Saturday, August 04, 2012

Semiconductor Basics

Diode Vs Resistors

If Resistors are the most basic passive component in electrical or electronic circuits, then we have to consider the Signal Diode as being the most basic "Active" component.

However, unlike a resistor, a diode does not behave linearly with respect to the applied voltage as it has an exponential I-V relationship and therefore can not be described simply by using Ohm's law as we do for resistors.

Diodes are unidirectional semiconductor devices that will only allow current to flow through them in one direction only, acting more like a one way electrical valve, (Forward Biased Condition).
But, before we have a look at how signal or power diodes work we first need to understand their basic construction and concept.

Construction of Diode

Diodes are made from a single piece of Semiconductor material which has a positive "P-region" at one end and a negative "N-region" at the other, and which has a resistivity value somewhere between that of a conductor and an insulator.
But what is a "Semiconductor" material?, firstly let's look at what makes something either a Conductor or an Insulator.


The electrical Resistance of an electrical or electronic component or device is generally defined as being the ratio of the voltage difference across it to the current flowing through it, basic Ohm´s Law principals.

The problem with using resistance as a measurement is that it depends very much on the physical size of the material being measured as well as the material out of which it is made.

For example, If we were to increase the length of the material (making it longer) its resistance would also increase. Likewise, if we increased its diameter (making it fatter) its resistance would then decrease.

So we want to be able to define the material in such a way as to indicate its ability to either conduct or oppose the flow of electrical current through it no matter what its size or shape happens to be.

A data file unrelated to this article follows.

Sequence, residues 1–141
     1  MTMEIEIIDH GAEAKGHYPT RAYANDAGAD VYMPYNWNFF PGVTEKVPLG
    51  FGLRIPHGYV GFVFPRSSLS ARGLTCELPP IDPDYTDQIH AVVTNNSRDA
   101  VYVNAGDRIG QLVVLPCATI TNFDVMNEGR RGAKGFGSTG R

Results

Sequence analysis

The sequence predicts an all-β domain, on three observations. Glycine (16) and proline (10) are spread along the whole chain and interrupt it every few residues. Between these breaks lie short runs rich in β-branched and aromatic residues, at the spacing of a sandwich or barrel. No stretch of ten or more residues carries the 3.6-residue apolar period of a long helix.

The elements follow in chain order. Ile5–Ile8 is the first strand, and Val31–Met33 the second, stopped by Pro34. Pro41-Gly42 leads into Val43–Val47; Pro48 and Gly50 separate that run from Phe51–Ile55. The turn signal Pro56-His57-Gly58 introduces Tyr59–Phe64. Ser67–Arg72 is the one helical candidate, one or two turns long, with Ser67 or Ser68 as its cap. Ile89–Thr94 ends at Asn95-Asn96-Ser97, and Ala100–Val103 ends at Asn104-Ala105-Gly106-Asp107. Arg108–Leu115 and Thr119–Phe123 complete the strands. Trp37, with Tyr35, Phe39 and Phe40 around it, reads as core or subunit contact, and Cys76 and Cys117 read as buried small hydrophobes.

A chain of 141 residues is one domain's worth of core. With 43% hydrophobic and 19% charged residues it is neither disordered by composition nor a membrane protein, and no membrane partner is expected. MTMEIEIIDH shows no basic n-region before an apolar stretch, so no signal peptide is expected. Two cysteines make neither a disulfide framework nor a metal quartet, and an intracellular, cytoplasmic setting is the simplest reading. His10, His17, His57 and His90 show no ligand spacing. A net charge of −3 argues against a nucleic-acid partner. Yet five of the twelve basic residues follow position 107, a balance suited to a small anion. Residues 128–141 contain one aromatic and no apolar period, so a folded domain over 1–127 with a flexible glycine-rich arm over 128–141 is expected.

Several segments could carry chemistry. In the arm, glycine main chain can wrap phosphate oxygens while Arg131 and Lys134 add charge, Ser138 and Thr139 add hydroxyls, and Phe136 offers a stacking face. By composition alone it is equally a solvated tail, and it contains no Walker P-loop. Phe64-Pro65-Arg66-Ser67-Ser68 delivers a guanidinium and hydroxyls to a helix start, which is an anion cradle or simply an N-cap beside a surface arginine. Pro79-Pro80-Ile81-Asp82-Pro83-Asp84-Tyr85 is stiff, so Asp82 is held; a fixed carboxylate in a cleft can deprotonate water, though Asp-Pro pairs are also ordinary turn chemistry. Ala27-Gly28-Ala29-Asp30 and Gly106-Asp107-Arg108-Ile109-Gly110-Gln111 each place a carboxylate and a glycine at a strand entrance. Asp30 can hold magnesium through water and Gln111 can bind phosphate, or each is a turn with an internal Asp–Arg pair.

The quantity that is used to indicate this specific resistance is called Resistivity and is given the Greek symbol of ρ, (Rho). Resistivity is measured in Ohm-metres, ( Ω-m ) and is the inverse to conductivity.

If the resistivity of various materials is compared, they can be classified into three main groups, Conductors, Insulators and Semi-conductors as shown below.

Material Properties


From above we now know that Conductors are materials that have a low value of resistivity allowing them to easily pass an electrical current due to there being plenty of free electrons floating about within their basic atom structure.

When a positive voltage potential is applied to the material these "free electrons" leave their parent atom and travel together through the material forming an electron drift.

Examples of good conductors are generally metals such as Copper, Aluminium, Silver or non metals such as Carbon because these materials have very few electrons in their outer "Valence Shell" or ring, resulting in them being easily knocked out of the atom's orbit.

This allows them to flow freely through the material until they join up with other atoms, producing a "Domino Effect" through the material thereby creating an electrical current.

Generally speaking, most metals are good conductors of electricity, as they have very small resistance values, usually in the region of micro-ohms per metre with the resistivity of conductors increasing with temperature because metals are also generally good conductors of heat.